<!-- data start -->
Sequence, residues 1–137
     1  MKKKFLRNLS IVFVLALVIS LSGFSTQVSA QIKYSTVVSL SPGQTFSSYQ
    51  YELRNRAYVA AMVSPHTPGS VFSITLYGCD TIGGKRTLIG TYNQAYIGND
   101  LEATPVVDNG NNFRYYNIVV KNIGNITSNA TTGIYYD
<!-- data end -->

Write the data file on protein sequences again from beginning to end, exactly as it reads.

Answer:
Sequence, residues 1–137
     1  MKKKFLRNLS IVFVLALVIS LSGFSTQVSA QIKYSTVVSL SPGQTFSSYQ
    51  YELRNRAYVA AMVSPHTPGS VFSITLYGCD TIGGKRTLIG TYNQAYIGND
   101  LEATPVVDNG NNFRYYNIVV KNIGNITSNA TTGIYYD